“Since 2015, we’ve had to live with the reputation of ‘Putin's combat Buryats’ which was cemented by the Kremlin, among others,” shares the head of the foundation Alexandra Garmazhapova. “We realized we had to speak out about our condemnation of the war. We made several antiwar videos, and each time, our group grew bigger and bigger. This was how the foundation emerged. We started getting letters from Buryat (and not only Buryat) contract soldiers and their relatives who wanted to terminate their contracts. It was back in March. We had to find lawyers as soon as possible. Obviously, it was irresponsible to turn our backs on them and say: ‘Guys, we just wanted to make one antiwar video. You’re on your own’.” At first, we had a handful of cases; then there were dozens. In all, we’ve received over 500 consultation requests. We have recently brought 150 contract soldiers who refused to wage war back to Buryatia.”
Soon after the hostilities began, Kalmykia got an antiwar movement, which also started with videos condemning the war. Their authors referred to the persecution of the Kalmyks in the USSR and the discrimination of ethnic minorities in today's Russia and called on fellow residents of the republic to refrain from taking up arms against Ukraine.
“The Kremlin using Russia’s ethnic minorities is a manipulation,” says Dordzhi Mandzhiev, deputy head of the Yabloko Party in the Republic of Kalmykia and the organizer of the Kalmyks Against War movement. “By now, at least 12 soldiers from Kalmykia have been killed in the war. For a republic with a population of 300,000 people, it is a lot. What did they die for? For the ambitions of the dictator and his regime? They aren't worth a single Russian national's life. We created our movement to drive change at least in our region, to prevent Kalmyks from joining this murderous, genocidal war, and to make them understand that the Kremlin has driven us to the point where people are willing to give up their lives and limbs for scant crumbs from the master’s table. With an average regional income of $200 a month, the military commissariat advertises military contracts with a $5,000 signing bonus. It is pure madness that people are desperate enough to risk their lives and abandon their families for this amount.”
Mandzhiev is confident that the antiwar movement is only the starting point of the upcoming struggle for federalization: “The war has given a boost to the people’s self-identification. That is, the Kremlin only uses us when it needs us. When there’s a war on, ‘we’re all brothers’. In times of peace, ‘you're gooks’ and ‘we only let apartments to Slavs’. To the Kremlin, we’re cannon fodder to be used on the front line. We used to call Ukrainians brothers too. However, you don’t treat a brother like that. I think we are about to see ethnic republics display more self-awareness and demand real federalization from the Kremlin, not just on paper. Unless this issue is resolved, the situation could spiral into a civil war.”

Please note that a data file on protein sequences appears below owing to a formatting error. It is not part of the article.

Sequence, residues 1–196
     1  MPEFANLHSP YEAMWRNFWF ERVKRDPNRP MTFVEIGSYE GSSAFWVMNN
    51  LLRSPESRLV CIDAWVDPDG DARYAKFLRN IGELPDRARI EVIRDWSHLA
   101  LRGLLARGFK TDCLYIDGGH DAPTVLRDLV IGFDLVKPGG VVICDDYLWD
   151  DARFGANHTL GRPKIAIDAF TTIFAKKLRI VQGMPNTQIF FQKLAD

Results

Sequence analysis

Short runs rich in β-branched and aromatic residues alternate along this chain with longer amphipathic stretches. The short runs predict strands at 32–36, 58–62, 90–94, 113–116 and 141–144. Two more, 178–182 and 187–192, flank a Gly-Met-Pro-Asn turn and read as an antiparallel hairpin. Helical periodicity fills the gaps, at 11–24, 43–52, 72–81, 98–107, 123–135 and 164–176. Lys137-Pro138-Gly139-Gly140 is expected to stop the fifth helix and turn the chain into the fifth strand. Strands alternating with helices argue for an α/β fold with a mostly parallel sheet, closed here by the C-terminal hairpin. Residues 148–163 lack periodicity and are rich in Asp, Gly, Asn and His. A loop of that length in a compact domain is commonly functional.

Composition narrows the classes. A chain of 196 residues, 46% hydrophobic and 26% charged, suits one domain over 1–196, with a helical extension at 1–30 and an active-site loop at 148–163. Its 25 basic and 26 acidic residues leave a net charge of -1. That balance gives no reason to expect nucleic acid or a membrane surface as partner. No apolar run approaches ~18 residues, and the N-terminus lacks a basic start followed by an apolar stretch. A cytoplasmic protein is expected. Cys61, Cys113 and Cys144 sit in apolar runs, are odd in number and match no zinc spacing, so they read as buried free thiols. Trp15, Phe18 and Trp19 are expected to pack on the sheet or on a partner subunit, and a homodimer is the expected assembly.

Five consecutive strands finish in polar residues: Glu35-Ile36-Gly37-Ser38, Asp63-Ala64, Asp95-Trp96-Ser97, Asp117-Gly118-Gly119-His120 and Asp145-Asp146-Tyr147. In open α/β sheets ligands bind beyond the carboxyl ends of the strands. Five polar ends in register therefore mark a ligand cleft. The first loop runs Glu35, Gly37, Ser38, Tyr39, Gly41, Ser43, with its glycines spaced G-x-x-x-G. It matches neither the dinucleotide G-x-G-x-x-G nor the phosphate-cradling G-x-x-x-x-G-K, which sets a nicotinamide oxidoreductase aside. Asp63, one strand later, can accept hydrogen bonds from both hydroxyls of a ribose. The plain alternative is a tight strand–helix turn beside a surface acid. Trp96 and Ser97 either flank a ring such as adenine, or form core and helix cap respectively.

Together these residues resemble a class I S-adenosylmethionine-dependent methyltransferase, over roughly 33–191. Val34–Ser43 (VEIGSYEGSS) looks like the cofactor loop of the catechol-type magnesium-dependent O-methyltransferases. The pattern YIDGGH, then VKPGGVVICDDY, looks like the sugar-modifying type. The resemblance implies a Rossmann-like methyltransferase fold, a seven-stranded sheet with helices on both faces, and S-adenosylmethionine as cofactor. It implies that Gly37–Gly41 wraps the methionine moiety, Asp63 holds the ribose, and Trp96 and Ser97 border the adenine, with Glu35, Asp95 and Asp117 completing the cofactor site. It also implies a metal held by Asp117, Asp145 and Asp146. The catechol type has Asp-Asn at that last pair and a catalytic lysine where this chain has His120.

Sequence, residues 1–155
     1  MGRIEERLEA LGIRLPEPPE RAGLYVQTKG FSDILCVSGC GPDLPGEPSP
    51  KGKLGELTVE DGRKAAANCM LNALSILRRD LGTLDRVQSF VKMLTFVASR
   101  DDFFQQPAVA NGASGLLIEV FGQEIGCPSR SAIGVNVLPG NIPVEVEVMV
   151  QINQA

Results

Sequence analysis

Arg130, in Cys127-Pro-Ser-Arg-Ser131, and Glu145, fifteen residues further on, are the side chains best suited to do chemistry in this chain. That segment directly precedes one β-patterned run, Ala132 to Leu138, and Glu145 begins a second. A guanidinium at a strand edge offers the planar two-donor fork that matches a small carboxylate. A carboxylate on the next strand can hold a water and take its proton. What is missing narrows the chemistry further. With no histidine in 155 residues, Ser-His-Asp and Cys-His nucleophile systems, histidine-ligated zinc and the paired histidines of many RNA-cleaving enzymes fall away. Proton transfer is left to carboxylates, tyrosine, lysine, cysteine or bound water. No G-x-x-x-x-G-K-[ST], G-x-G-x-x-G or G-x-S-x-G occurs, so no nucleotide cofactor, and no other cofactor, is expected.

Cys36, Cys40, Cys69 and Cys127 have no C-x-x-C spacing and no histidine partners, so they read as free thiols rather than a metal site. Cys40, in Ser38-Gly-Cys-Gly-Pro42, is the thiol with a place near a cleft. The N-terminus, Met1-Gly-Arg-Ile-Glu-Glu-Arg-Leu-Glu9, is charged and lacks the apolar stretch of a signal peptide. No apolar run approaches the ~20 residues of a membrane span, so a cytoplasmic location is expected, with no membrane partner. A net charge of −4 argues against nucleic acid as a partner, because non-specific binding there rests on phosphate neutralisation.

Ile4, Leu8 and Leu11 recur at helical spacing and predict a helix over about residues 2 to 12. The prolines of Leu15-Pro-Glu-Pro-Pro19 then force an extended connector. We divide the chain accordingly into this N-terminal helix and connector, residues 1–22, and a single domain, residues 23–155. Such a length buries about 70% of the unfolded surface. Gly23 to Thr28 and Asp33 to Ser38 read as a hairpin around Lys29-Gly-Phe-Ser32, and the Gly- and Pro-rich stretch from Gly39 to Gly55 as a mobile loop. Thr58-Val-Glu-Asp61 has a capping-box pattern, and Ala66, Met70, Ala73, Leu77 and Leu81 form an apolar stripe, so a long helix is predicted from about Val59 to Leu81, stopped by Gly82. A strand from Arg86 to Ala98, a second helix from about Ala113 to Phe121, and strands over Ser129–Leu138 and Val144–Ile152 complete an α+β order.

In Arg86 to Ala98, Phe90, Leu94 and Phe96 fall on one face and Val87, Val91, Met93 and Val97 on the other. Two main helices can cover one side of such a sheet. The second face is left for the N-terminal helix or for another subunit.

We will demand real federalization from the Kremlin, and failure to meet these demands could lead to a civil war
Tuva has sprouted an antiwar movement too. In addition to raising public awareness about the war, the activists are helping local soldiers to return home from Ukraine. In June, nine soldiers from a Tuvan brigade who had been dispatched to Kyrgyzstan and awaited their deployment to Ukraine managed to terminate their contracts early and return home thanks to movement activists.
“Many of us felt the need to find a community of like-minded spirits in Tuva who were also opposed to the war. However, the process of finding such people was far from trivial,” an activist of New Tuva shared with The Insider. “It all began with one of our future co-founders studying comments under antiwar posts by the Asians of Russia Instagram account. She looked for users who condemned the war, and if they were Tuvan, she sent them personal messages. This way, we put together a tiny group of people who cared and wanted to make a difference. There were more factors behind the creation of our organization: a co-founder learned of her nephew's death on the battlefield; statistics were released on the great numbers of Tuvans killed in action, and intercepted radio communications of Tuvan signalers made it clear that they were being used at the front because they spoke a language no one else understood. Tuvan deputy Eres Kara-Sal also greatly contributed to New Tuva's development. Thanks to his public antiwar stance, which he expressed in several interviews, we started getting more Tuvan followers. Primarily, we try to convince our fellow Tuvans to stop endorsing the war and offer assistance in the termination of their military contracts. We reach out to contract soldiers and their families. Finally, we raise awareness about the actual state of affairs at the war. The majority of our members are from Tuva, but we don't limit our assistance to Tuvan contract soldiers. We are open to all requests. Sometimes, when Tuvan soldiers requested our help in the termination of their contracts and returning home, a few of their Russian comrades decided to follow suit. We don't leave anyone behind.”